Texas State Senator Wendy Davis filibusters an abortion bill in June. (AP/Eric Gay)
Yes, Wendy Davis is making an uphill run for governor of Texas.
She’s a progressive, pro-choice woman with a dramatic personal story, who made her name fighting the powers that be. As such, she does not fit the currently accepted image of a winning statewide candidate in a place where, as Molly Ivins noted, there has been a tendency to elect “good ol’ boy” governors.
But Davis has some history on her side.
And that history counters the narrative of those who would write her off.
If Davis gets Texas voters excited, if she gets them to engage—and re-engage—her candidacy could change the politics of the Lone Star State. A win would be transformational. A strong showing would be transitional.
The key to the calculus is the excitement factor. Can the woman who this spring excited tens of thousands of Texans enough to get them to come to the state capitol to back her filibuster of an assault on reproductive rights now excite hundreds of thousands who don’t usually cast ballots in off-year elections to come vote?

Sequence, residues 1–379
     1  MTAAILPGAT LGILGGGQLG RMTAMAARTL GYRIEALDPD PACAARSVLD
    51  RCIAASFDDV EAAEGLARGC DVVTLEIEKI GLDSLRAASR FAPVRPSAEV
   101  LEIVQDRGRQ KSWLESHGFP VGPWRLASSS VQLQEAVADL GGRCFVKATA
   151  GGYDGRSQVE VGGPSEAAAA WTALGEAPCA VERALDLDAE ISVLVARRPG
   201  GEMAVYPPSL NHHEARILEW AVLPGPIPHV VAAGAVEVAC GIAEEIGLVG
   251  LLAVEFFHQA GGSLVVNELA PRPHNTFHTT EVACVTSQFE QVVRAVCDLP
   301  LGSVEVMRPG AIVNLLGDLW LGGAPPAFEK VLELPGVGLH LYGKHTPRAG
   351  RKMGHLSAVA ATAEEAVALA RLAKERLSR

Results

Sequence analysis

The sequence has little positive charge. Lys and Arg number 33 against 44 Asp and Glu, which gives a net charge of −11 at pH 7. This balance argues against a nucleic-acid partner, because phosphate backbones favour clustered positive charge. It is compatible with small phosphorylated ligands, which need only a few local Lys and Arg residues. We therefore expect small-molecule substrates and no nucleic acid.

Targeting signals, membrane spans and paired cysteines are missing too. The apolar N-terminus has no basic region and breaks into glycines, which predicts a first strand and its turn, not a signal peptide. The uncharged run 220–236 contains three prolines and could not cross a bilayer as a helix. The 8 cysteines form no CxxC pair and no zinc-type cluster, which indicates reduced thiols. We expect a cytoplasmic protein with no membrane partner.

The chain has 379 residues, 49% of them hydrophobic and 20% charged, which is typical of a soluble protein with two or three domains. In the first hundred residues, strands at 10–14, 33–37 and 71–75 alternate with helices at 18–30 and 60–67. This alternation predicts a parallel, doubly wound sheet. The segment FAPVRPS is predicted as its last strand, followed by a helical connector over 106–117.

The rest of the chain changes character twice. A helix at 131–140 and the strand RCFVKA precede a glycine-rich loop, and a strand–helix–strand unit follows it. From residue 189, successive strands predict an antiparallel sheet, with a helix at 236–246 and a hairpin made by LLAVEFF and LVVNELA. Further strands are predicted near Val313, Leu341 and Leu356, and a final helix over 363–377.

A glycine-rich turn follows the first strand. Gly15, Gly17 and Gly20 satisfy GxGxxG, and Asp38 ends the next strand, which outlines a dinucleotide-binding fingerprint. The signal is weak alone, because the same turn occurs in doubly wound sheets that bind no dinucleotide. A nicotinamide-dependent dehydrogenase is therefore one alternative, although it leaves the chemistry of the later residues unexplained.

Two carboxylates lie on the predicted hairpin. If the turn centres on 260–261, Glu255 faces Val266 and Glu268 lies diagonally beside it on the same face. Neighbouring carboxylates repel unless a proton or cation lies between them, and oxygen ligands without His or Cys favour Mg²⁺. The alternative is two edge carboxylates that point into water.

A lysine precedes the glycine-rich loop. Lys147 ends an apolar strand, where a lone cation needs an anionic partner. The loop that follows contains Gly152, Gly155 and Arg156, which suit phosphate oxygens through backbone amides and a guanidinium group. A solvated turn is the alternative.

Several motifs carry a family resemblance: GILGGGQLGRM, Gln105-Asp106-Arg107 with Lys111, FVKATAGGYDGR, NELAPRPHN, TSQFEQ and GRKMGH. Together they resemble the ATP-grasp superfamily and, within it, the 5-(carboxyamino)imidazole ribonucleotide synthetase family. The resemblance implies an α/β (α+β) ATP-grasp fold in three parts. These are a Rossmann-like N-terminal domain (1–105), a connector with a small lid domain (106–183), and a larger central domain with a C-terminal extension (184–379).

It has happened before.
Less than a quarter-century ago, a populist coalition led by a bold Democratic woman who boldly promised a new politics and a “new Texas” won the governorship. And they did so by boosting turnout, especially among the historically neglected and disenfranchised voters that formed the candidate’s base.
In the gubernatorial election of 1990, Ann Richards replaced a two-term Republican governor, Bill Clements, and beat an exceptionally well-funded and well-connected Republican nominee, Clayton Williams.
The 2014 race to replace retiring Governor Rick Perry is the first open-seat Texas gubernatorial contest since 1990.
If 2014 is a Republican wave year—like 1994, when Richards was removed from office by a Republican upstart named George Bush, or like 2010—then Davis will have a very hard time. To deny that would be foolish.